Marine Lightning Protection
Marine Lightning Protection Inc. (MLP
) specializes in lightning grounding in the marine environment. Improving on existing standards such as ABYC TE4, ISO 10134 and NFPA 780 Ch. 8 (pre-2008), we emphasize the grounding system since this is the foundation for any boat lightning protection system. In order to integrate superior grounding into a complete system, we also offer other components such as air terminals, connectors and main conductors.
In the not-too-distant past, standards were of limited value since they advocated a single one square foot ground strip or plate and a centrally located down conductor, a concept that was incompatible with the science that was established more than a decade ago. Specifically, in a paper published in a peer reviewed IEEE journal in 1991, Dr. Ewen Thomson of the University of Florida concluded that "1 ft2
is shown to be hopelessly inadequate to prevent sideflashes in fresh water". As Thomson points out, the key to reducing sideflash likelihood is to distribute the lightning current into the water from multiple sources. Since using multiple immersed ground plates is impractical, and the optimum location for exit terminals is close to the waterline, MLP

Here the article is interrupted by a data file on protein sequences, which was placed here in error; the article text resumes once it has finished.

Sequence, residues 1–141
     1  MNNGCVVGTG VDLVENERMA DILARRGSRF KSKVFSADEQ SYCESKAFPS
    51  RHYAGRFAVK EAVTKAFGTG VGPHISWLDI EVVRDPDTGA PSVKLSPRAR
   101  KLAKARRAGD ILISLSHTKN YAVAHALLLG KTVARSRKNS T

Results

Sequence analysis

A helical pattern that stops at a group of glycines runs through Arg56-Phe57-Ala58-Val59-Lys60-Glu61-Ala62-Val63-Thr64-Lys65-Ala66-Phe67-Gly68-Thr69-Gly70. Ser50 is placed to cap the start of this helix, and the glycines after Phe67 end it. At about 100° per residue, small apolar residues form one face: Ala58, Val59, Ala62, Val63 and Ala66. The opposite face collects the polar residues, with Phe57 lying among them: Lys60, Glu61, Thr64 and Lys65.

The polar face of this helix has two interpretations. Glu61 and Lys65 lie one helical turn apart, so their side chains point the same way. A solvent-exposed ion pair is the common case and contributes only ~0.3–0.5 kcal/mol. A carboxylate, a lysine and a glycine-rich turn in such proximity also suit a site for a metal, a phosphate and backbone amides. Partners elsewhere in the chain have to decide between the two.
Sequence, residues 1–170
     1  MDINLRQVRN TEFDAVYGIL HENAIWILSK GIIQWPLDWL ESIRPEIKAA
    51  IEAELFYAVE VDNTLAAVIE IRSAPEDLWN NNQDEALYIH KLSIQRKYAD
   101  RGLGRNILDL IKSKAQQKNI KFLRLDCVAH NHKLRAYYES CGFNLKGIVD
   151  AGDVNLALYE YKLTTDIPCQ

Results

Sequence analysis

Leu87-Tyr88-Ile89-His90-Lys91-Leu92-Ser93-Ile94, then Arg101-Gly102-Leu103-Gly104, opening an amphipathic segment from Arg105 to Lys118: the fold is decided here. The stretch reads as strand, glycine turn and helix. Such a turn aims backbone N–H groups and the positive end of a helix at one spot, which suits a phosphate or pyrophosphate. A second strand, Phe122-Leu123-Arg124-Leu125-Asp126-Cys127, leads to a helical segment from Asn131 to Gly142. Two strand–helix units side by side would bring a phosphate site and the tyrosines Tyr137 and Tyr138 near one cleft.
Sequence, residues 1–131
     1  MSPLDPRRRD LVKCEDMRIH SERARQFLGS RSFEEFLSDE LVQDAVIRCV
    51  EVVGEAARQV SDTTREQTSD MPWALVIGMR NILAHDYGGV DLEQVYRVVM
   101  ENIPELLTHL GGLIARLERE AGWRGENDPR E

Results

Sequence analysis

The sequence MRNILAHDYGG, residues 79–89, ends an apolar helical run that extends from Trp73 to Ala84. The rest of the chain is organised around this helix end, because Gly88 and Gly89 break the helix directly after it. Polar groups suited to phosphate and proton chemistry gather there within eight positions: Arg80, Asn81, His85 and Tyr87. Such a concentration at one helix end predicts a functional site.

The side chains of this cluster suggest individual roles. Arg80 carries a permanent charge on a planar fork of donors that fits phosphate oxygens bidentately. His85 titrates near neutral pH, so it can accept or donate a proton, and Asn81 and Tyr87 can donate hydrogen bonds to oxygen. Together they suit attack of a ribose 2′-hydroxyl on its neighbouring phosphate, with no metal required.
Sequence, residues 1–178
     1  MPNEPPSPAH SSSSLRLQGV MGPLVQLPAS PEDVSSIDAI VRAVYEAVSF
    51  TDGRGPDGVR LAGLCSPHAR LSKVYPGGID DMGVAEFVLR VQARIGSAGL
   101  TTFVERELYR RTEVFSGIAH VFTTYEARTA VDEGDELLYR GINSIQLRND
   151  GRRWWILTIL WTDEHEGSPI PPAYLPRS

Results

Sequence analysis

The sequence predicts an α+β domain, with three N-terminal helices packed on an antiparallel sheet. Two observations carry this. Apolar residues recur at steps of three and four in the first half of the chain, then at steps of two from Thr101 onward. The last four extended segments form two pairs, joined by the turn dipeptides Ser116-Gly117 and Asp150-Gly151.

has developed the new patented SiedarcTM
electrodes that can be faired into the hull to reduce drag and require only a single hull penetration. Further, they are preferably installed above the waterline, thereby eliminating galvanic corrosion.
The lightning system
The typical lightning protection system is built as follows. Starting with multiple grounding electrodes distributed around the hull's perimeter, we then connect a network of down conductors that form a protective rib cage around the sensitive interior of the boat. Bonding conductors are also attached to this to equalize potentials throughout the boat. A key component is a loop conductor at about deck level that both forms an electrostatic shield and is used for bonding connections. Note that shielding by means of external conductors is an effective way to equalize potentials and is the only method that can be used for conductors such as water tanks and crew members that cannot be bonded with connecting wires. In this way we equalize potentials inside the boat to reduce sideflash likelihood. At the top of the lightning protection system are the air terminals, the desired attachment points for the lightning channel. On a powerboat, existing conducting fittings such as handrails, outriggers, T-tops, biminis, and metallic superstructures form an integral part of this system. Since we already have a network of down conductors that are predominantly near the outside of the hull, the natural location for air terminals is also around the perimeter.